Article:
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Home office? Here’s what you need to know about the mileage deduction

7823319 - traffic jams in the cityIf you drive your car for work, you can take a deduction on your tax return based on either the standard mileage rate or the actual expenses related to the business use of your vehicle. However, commuting to and from your principal place of business is never deductible. How does that change if your home is your principal place of business?

Many people work primarily from home but occasionally travel to another work location, a client’s office, a business seminar, or run other business-related errands. In these cases, the first thing to do is establish your home as the principal place of business.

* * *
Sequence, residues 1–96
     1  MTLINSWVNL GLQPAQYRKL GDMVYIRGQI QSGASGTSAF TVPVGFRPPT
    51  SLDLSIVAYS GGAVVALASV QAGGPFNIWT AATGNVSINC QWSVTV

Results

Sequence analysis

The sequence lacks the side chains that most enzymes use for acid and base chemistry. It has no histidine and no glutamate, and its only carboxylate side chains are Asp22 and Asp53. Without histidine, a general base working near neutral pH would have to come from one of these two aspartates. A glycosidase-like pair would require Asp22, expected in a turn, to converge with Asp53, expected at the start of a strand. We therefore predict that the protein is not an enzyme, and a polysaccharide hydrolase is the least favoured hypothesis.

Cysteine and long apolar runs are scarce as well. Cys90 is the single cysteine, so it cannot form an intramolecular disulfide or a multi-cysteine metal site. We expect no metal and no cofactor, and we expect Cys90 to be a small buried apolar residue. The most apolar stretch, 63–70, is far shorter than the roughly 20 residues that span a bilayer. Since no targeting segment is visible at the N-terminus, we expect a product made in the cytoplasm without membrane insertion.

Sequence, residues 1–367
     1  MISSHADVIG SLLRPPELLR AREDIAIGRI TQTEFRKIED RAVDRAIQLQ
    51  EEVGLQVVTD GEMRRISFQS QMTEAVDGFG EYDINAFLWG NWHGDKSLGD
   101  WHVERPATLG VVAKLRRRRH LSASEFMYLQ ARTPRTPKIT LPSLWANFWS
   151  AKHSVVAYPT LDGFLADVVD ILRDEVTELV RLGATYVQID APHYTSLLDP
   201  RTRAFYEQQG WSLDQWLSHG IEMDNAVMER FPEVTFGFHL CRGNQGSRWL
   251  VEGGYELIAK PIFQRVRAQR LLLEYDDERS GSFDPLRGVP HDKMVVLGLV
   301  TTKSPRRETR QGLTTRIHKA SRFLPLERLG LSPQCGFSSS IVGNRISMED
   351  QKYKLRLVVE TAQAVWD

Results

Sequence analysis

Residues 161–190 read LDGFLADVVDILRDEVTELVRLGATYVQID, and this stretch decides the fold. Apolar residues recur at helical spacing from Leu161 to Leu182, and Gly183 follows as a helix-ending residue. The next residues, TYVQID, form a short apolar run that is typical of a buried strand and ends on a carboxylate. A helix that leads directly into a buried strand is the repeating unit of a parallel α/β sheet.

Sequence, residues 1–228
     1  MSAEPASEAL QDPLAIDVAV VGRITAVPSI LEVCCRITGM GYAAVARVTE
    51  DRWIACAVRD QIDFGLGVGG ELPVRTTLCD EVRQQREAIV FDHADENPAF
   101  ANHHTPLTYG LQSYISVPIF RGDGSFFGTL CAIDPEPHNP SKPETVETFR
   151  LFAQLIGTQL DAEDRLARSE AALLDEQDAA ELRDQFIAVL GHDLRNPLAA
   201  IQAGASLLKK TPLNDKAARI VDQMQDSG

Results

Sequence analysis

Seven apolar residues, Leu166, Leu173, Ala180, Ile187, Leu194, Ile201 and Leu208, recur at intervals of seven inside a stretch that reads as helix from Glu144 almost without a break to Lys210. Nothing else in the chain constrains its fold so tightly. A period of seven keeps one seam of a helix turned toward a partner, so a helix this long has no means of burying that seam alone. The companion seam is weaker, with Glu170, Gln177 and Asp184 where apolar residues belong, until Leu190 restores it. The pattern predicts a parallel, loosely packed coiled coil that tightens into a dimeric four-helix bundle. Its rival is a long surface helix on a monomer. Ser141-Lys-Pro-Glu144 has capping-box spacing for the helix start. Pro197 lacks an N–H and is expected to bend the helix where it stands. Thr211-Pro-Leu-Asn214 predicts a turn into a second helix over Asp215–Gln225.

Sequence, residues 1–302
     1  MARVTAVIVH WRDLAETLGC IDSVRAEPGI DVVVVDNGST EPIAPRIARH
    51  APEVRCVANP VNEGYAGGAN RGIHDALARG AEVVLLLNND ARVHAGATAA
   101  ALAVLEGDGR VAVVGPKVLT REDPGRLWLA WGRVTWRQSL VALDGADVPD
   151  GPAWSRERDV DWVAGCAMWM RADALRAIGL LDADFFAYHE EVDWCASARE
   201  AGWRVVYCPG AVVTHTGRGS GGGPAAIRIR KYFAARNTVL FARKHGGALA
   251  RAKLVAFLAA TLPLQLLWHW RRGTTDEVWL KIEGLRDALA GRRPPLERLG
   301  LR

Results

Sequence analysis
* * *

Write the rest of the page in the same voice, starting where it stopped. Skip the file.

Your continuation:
Your home office will qualify as your principal place of business if it is the place where you earn most of your income or perform the administrative and management tasks for your business. Simply having a home office will not qualify. If you have a home office that is used occasionally, but most of your work is done from another location, the costs of driving from home to another location is not deductible.

Generally, if you are eligible to claim the home office deduction on your tax return, then your home office is your primary place of business and any expenses to travel to other temporary locations for work may be deductible.

Keep in mind that any business-related travel must be documented in order for a deduction to be allowed. You’ll need to keep detailed records of your travel, either by using a mileage log or tracking mileage using an app. If you’re claiming actual expenses for your vehicle rather than using the standard mileage rate, you’ll still need to keep records of mileage and you’ll also need to maintain records and receipts for expenses such as oil and fuel, repairs and maintenance, insurance and registration.

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